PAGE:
Dont feel sorry for them, they will still make money, just as not as much as they hoped for so no moral reason to help boost their profits either

Edited by honeybee13
Paras
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thank you for the advise and experience all. much settled now and awaiting the next call from the dealer. I really hope he sees the error and its fades into a horrible few days. it has been a stressful few days full of sleepless nights. after borrowing to our limit to buy the van finding over 4000£ is beyond impossible.

 

you lot are great will keep you updated.

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You don't have to find a single penny. Stop worrying.

 

There's nothing that the dealer can do if you say "Not my problem"!

 

If they tell you they can or will do something, they are either misinformed or lying.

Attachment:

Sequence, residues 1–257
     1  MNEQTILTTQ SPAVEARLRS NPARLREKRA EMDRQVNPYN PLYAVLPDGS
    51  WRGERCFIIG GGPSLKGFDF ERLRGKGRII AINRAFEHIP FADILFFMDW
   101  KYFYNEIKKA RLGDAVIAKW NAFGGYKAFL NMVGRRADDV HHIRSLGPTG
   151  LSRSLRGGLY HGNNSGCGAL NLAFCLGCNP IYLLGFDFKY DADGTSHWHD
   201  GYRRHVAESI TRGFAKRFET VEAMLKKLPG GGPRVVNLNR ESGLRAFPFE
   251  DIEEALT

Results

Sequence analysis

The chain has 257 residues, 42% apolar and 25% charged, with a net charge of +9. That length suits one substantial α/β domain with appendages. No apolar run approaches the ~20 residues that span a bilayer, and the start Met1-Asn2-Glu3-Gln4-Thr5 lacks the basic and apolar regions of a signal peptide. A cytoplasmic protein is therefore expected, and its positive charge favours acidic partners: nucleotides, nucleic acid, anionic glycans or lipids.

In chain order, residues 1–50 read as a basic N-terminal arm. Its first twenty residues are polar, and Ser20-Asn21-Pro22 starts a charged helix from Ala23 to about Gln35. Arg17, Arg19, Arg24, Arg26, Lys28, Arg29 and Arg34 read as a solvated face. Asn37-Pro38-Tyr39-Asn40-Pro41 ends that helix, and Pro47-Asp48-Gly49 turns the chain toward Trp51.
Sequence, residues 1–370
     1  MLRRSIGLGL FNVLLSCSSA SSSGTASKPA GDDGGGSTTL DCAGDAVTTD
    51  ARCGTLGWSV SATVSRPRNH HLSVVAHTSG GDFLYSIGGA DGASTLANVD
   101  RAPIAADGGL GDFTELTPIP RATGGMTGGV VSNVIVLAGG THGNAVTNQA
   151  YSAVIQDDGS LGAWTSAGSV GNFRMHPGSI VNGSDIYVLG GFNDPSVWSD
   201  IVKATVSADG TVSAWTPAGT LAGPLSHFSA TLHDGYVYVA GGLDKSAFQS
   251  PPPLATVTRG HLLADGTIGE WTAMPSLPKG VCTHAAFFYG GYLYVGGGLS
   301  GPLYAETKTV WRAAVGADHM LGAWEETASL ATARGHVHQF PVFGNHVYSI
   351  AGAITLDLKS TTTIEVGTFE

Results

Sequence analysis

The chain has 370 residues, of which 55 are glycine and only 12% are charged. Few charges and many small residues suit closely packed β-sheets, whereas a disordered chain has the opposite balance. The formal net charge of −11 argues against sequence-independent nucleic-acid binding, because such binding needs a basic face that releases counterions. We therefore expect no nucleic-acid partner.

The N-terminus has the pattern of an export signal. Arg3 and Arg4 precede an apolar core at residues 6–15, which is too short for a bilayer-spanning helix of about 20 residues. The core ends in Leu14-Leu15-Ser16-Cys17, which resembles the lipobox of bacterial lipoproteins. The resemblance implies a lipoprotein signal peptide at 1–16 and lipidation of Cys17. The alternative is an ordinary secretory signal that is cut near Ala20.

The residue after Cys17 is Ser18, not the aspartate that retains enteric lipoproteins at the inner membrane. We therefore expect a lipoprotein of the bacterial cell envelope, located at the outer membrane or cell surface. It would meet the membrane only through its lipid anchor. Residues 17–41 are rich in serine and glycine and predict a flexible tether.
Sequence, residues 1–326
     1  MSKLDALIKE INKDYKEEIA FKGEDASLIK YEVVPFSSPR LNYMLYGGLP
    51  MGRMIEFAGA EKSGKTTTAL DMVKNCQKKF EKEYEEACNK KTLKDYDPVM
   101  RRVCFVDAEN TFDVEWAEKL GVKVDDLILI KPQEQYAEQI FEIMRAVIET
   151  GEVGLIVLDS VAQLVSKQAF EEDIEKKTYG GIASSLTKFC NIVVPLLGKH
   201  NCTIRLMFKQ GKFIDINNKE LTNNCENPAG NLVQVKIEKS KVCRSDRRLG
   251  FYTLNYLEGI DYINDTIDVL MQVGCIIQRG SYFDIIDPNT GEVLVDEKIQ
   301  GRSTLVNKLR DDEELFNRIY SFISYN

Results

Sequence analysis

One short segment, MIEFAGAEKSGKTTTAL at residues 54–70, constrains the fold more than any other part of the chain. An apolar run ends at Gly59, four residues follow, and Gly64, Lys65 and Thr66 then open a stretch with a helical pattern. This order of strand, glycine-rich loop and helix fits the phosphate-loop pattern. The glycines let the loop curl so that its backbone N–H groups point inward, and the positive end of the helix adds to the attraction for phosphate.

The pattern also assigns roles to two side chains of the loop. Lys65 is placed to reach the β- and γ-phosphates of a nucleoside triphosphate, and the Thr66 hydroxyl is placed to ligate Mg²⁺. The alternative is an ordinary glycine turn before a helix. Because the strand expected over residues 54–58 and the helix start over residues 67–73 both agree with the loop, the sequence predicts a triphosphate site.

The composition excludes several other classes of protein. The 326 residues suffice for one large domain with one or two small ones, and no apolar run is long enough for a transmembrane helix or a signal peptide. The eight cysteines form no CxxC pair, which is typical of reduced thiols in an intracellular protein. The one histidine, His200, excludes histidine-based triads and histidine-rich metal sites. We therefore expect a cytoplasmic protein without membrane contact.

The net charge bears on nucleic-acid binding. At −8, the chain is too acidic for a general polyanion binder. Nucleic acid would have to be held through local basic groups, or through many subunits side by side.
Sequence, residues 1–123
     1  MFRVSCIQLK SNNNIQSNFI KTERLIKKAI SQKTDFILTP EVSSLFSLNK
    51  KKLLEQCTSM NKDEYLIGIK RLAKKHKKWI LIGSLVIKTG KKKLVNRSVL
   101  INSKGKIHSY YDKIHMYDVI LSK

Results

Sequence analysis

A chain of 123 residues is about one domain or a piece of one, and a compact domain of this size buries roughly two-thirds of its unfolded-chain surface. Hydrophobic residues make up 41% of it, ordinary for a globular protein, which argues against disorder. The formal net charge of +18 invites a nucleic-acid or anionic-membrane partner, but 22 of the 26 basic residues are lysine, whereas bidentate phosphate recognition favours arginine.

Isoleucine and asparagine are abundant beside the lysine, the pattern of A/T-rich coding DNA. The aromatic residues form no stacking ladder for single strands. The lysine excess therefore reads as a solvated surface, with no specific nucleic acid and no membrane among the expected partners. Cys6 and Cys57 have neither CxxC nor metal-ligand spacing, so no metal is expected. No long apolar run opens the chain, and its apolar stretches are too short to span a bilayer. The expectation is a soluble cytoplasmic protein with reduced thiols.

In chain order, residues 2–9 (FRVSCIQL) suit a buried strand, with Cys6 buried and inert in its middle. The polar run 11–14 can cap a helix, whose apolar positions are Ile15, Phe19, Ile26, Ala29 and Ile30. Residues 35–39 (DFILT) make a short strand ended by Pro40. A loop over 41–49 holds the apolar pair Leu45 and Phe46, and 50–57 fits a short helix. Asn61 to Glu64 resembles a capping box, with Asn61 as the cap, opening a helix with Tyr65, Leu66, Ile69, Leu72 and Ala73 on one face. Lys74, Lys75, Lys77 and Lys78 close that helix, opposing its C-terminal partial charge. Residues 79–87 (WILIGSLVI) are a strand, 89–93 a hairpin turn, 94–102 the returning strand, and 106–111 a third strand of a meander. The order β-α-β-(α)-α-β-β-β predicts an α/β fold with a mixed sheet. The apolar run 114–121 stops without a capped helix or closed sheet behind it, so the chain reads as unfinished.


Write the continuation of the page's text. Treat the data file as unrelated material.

As I said, it's Caveat Emptor. Which is the principle that the buyer alone is responsible for checking the quality and suitability of goods before a purchase is made.

 

If they didn't or missed something. Unlucky!

Please note that my posts are my opinion only and should not be taken as any kind of legal advice.
In fact, they're probably just waffling and can be quite safely and completely ignored as you wish.

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just to reiterate, this is their business so they are expected to know everything they need to know. They offered a certan price, you accepted their offer and that is that.